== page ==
Leeds United glory within 10 points for 'protagonist' Marcelo Bielsa after Blackburn win - Graham Smyth's Verdict
When Marcelo Bielsa walked through the doors of Elland Road he vowed to be a 'protagonist', not a 'speculator', and two years on it looks good on his Leeds team.
The Whites' 3-1 win over Blackburn Rovers showed why being on the front foot suits them and their head coach, a man who wants to control the ball and the fine details, so well.
A draw with lowly Luton in midweek had laid foundations for a nervous and difficult afternoon in Lancashire, where the rain fell like a blanket on a heavy pitch.
Crucially, Leeds gave frustration and anxiety no time at all to settle or build, taking a seventh minute lead.
The ball leaving Patrick Bamford's boot and entering the net did the nerves of everyone of a Yorkshire persuasion inside Ewood Park and everyone who wished they could be there, the world of good. That, in part, is because when Leeds score first they do not lose - that freak, nightmarish April 2019 Wigan Athletic defeat excepted. Of the 48 Championship games in which they've got the first goal, Leeds have now won 43 and drawn one.
Scoring first in this one came from being on the front foot. It was Mateusz Klich's pressing that forced an error deep inside the Rovers half and led to Patrick Bamford's clinical strike.
The second goal was a direct free-kick, a sublime one at that, 'beautiful' in Bielsa's eyes, but you can trace its origins back to Ben White's pressing. The centre-half showed the awareness and penchant for nipping in to win the ball high up the pitch that has made him so vital to Leeds' protagonistic ways. His good work gave Leeds possession from which they won a corner, and when Barry Douglas' second cross was half cleared, Tyler Roberts was fouled 25 yards out and the rest is spectacular history that will be replayed long after Kalvin Phillips' time with his boyhood club comes to an end.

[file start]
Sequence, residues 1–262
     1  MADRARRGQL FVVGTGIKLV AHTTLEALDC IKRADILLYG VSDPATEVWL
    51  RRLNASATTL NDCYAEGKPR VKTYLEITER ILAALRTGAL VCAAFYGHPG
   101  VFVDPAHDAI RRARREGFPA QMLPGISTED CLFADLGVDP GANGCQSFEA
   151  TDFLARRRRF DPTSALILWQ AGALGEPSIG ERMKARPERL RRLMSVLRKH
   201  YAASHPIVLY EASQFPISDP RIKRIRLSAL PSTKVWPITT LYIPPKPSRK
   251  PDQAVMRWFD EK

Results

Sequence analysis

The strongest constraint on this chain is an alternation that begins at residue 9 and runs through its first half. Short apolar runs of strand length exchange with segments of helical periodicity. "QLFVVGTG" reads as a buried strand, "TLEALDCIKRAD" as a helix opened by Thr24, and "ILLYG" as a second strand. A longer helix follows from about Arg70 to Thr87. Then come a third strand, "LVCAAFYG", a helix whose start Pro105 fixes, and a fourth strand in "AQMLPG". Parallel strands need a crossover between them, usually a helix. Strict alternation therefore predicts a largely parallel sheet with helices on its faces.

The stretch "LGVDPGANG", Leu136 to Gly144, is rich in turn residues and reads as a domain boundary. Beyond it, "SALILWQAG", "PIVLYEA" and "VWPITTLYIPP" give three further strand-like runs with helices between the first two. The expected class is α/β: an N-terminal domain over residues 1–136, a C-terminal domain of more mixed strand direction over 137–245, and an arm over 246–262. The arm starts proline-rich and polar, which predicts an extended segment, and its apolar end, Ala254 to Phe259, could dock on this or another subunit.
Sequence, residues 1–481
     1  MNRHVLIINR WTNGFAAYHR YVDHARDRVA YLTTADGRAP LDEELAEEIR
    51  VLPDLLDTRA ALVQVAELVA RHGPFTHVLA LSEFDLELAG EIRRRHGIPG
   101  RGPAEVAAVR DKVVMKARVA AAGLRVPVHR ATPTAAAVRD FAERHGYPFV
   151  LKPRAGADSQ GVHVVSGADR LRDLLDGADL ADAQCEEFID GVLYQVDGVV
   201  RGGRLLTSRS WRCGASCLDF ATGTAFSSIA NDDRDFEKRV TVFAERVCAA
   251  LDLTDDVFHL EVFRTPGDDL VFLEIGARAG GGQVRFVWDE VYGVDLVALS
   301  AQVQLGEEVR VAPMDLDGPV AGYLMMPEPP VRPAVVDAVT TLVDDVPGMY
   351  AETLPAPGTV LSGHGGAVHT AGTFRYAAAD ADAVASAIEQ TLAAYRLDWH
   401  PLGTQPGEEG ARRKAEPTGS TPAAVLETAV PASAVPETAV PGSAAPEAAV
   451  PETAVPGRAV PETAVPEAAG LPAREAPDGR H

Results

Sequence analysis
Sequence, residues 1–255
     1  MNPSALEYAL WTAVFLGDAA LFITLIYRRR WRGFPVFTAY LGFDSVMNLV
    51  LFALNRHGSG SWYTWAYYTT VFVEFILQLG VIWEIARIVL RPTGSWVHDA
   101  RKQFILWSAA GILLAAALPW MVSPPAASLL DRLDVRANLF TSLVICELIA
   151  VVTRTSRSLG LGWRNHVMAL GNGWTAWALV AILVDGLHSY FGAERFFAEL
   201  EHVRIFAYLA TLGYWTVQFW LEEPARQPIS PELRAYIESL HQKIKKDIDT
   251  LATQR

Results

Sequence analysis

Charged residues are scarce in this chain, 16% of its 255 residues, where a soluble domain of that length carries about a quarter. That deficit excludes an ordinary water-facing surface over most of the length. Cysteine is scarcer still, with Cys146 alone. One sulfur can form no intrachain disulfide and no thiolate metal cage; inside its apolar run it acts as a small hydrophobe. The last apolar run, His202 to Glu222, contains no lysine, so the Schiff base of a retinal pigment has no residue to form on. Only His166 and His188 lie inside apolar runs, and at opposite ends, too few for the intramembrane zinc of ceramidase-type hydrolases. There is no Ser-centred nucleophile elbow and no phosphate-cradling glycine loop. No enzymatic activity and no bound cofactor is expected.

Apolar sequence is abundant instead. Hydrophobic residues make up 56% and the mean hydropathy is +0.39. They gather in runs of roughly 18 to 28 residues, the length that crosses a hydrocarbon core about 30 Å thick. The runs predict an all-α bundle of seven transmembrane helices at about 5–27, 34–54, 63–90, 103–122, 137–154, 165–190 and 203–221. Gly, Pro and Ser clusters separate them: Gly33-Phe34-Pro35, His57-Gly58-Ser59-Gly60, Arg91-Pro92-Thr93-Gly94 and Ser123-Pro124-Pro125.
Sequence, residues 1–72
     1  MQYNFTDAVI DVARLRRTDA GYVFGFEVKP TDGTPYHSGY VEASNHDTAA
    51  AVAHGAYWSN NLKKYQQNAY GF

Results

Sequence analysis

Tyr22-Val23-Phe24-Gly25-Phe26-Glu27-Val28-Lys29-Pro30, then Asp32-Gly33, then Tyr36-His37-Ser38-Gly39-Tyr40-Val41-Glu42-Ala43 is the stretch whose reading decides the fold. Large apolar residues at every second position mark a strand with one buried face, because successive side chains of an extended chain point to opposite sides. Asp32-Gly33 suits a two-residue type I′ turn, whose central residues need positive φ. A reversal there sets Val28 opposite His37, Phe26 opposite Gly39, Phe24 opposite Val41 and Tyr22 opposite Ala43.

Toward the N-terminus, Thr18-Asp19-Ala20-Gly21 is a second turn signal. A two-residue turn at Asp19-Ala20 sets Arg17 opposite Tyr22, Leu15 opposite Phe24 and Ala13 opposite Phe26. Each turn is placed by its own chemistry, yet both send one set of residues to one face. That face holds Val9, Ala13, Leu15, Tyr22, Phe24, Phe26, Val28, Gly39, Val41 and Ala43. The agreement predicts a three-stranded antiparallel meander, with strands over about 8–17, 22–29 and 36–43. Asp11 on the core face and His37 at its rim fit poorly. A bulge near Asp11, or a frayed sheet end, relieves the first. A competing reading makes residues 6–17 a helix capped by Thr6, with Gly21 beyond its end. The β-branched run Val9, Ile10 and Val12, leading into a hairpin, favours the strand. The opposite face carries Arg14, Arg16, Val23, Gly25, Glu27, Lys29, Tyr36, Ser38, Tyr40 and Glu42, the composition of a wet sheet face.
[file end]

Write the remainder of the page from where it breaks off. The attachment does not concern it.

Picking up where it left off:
Blackburn hit back with a wonderful free-kick of their own but Phillips, who in the lead up to this game had declared his post-restart performances as 'alright,' Klich and White all impressed by keeping control of the game.
Leeds were well in control even before Klich slammed home the third goal to put the result beyond doubt and bring automatic promotion to within 10 points, with five games remaining.
If each one is as entertaining as this one it will make the run-in almost as memorable as the outcome.
Blackburn, themselves in need of a win to keep their ailing play-off hopes alive, refused to go down the well-worn track of setting up simply to defend and counter against Leeds.
Even before the visitors went ahead, Blackburn had forged a chance, Blackburn's Bradley Johnson testing Illan Meslier's concentration and handling with a low, powerful effort from distance after a mix up between Liam Cooper and Barry Douglas, but the keeper held on well.
It was Leeds going direct in the opening minutes, with little success, and Blackburn trying to pass it out from the back.
Yet that created an opening from which Leeds profited.
The hosts dallied too long in possession in a dangerous area, Klich forced a turnover and found Bamford, who beat Christian Walton low to his right for number 15 for the season and a third in six games.